Wishing you a happy, successful, prosperous 2019!!

Seven ways to plan ahead for your Christmas social media

Getting ready for Christmas? With the holiday season looming, it’s worth thinking about how you’ll handle your social media over the festive period.

Plan ahead

You need to be an organised person to plan ahead!  Staying active on social media will ensure your business doesn’t stagnate if you’re too full of mince pies and brandy butter to post anything. Remember that you can schedule stuff with Hootsuite or a similar “dashboard” in advance: create posts, upload photos, generally be prepared; this will keep your audience engaged during the festivities.

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1. Showcase seasonal products

If you’re selling anything Christmassy, you should have already started with a festive social media marketing campaign.  If you haven’t, now’s the time to get a move on…!! Promote your products or services across all relevant social media channels. Did you know that you can create a “Facebook Offer” if you’re running a specific promotion? It will send interested people a reminder to claim the discount (or whatever the offer is) before it ends. A carousel photo post is also a lovely way to show off a few items in one go.

2. Get into the festive spirit

This is a brilliant time to connect with your audience on a personal level.  Even the most serious business people tend to relax at this time of year.  Post a cheery seasonal message that will make people smile. If you’ve put up a Christmas tree or other festive season decorations, pop a pic on Facebook or Instagram! LinkedIn is the most professional platform but there’s nothing wrong with an engaging seasonal post on there too!

3. Show your appreciation.

Say thank you to your clients and followers for staying with you during the year. This can be a simple photo post or beautifully designed graphic – or just a few words straight from the heart!

4. Keep your business info up to date

Don’t forget to tell your clients when you’ll be open and closed over the holidays. This is also a good opportunity to update any other business information on your social media profiles that may be out of date. Don’t forget to include keywords in your profiles to help people find your business in searches.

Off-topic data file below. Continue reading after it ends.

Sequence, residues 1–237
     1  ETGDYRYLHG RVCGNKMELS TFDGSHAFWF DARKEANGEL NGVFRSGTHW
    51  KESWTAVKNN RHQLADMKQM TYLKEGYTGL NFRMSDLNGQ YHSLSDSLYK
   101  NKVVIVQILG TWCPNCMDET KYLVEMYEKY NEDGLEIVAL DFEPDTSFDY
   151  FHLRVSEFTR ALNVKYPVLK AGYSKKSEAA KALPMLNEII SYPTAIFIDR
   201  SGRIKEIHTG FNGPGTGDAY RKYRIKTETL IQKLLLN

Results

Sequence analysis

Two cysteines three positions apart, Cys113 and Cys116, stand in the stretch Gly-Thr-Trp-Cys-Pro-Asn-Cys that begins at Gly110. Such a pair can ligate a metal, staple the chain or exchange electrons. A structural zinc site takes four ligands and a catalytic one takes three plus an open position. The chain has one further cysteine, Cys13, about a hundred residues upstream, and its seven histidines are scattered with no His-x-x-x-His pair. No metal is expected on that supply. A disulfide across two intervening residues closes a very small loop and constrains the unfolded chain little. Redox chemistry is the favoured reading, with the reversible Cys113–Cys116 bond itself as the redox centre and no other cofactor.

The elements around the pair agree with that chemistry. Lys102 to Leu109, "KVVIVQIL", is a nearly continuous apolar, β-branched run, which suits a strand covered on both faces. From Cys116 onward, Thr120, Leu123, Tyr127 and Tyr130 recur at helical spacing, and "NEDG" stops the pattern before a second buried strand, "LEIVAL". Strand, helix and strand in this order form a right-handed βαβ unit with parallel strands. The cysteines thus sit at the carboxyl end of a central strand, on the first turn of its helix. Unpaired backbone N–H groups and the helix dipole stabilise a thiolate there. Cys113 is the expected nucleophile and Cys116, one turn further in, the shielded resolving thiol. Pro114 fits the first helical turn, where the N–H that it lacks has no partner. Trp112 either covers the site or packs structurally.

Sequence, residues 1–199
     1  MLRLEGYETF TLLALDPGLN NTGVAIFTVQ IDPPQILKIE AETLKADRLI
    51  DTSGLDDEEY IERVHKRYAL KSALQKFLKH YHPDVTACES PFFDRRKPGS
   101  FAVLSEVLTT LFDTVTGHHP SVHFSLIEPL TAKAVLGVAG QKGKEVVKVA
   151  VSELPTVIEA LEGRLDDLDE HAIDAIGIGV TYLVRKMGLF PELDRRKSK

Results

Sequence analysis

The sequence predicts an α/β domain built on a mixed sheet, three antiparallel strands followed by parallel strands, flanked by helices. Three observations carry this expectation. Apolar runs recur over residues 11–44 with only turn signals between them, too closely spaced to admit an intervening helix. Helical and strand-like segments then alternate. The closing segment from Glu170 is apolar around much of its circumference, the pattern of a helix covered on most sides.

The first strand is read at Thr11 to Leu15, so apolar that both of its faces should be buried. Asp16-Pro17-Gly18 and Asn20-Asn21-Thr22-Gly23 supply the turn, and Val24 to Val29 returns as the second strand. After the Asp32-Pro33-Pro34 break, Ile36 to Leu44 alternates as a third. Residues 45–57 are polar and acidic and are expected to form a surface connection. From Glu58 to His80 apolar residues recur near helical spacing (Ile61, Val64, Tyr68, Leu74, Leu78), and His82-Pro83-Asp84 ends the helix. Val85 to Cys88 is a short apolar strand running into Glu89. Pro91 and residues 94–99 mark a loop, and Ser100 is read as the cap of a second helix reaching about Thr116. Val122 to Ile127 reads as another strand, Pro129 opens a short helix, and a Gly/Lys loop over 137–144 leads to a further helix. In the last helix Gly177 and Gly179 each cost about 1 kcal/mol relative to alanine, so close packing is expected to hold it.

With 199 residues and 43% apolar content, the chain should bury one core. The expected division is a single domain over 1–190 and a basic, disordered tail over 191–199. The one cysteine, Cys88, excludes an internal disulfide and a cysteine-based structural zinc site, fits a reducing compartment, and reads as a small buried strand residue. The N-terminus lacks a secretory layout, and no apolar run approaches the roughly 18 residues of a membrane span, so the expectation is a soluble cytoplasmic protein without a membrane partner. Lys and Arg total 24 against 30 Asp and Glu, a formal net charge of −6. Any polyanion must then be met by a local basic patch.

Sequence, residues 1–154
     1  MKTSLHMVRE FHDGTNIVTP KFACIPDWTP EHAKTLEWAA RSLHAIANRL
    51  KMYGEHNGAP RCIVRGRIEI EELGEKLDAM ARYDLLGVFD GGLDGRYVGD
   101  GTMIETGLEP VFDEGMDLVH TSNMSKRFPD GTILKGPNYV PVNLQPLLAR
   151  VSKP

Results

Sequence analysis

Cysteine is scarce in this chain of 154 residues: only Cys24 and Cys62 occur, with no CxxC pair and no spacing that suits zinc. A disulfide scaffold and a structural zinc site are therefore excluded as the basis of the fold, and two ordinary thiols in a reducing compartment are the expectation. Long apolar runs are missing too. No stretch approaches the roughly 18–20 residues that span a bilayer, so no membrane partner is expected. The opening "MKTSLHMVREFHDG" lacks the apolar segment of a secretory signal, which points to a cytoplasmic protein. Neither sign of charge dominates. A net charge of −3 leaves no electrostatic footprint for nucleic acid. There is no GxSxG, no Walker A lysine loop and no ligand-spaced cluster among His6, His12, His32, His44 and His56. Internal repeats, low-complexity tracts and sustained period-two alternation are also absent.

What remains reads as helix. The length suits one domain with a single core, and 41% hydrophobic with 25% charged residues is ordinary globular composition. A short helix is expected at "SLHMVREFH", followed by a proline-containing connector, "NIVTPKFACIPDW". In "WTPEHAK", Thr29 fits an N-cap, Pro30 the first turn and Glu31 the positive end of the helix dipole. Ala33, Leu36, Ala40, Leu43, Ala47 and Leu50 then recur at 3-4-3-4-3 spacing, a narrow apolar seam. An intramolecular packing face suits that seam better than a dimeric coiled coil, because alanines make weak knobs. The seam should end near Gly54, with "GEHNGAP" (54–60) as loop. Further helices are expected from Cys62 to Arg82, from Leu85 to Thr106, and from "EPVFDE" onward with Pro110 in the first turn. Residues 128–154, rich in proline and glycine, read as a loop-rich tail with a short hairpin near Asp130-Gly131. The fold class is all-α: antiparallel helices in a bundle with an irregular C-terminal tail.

5. Manage reactive responses

How quickly do you reply to tweets and messages on Facebook? You can set an auto-reply that responds immediately to direct Facebook messages, but you shouldn’t leave customers dangling for days. Keep an eye on your social media for exactly this reason – or post a clear message that you won’t be around. Of course, if your clients rely on you for an emergency service, for example if you’re a plumber, think about outsourcing your social media maintenance while you’re busy partying.

6. Get ready for the new year!

Think it’s too soon to worry about 2019? It’s definitely not. Prepare a mailshot now so that you don’t have to think about it over the holidays. Then you can get the year off to a highly motivated, stress-free start by being in touch with your clients, customers, potential clients and customers and anyone else who you want to remind about your business!

7. Bring in some extra help

If you’re too busy festooning the office with fairy lights to keep an eye on your social media, you might benefit from taking on a temp or a virtual assistant to help with social tasks. Don’t you find that in our dynamic digital age it’s really nice to receive something in the post? Even having someone to write your Christmas card envelopes is a help.

Here’s a reminder of easy ways to schedule your social media, and do feel free to let me know if you need some help.

Nine tips for scheduling your social media

If you’re running a business, you’ll know that there’s not always time to stop what you’re doing to tweet or post on LinkedIn.  That’s why there are various tools available to help schedule your social media, ensuring your continued presence whatever you’re doing and wherever you are!